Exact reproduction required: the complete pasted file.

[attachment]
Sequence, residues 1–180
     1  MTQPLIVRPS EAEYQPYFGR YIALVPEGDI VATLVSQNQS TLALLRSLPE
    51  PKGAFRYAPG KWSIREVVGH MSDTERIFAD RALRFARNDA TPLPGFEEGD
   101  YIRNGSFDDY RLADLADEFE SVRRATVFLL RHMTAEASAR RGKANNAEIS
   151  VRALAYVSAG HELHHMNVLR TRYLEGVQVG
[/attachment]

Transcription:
Sequence, residues 1–180
     1  MTQPLIVRPS EAEYQPYFGR YIALVPEGDI VATLVSQNQS TLALLRSLPE
    51  PKGAFRYAPG KWSIREVVGH MSDTERIFAD RALRFARNDA TPLPGFEEGD
   101  YIRNGSFDDY RLADLADEFE SVRRATVFLL RHMTAEASAR RGKANNAEIS
   151  VRALAYVSAG HELHHMNVLR TRYLEGVQVG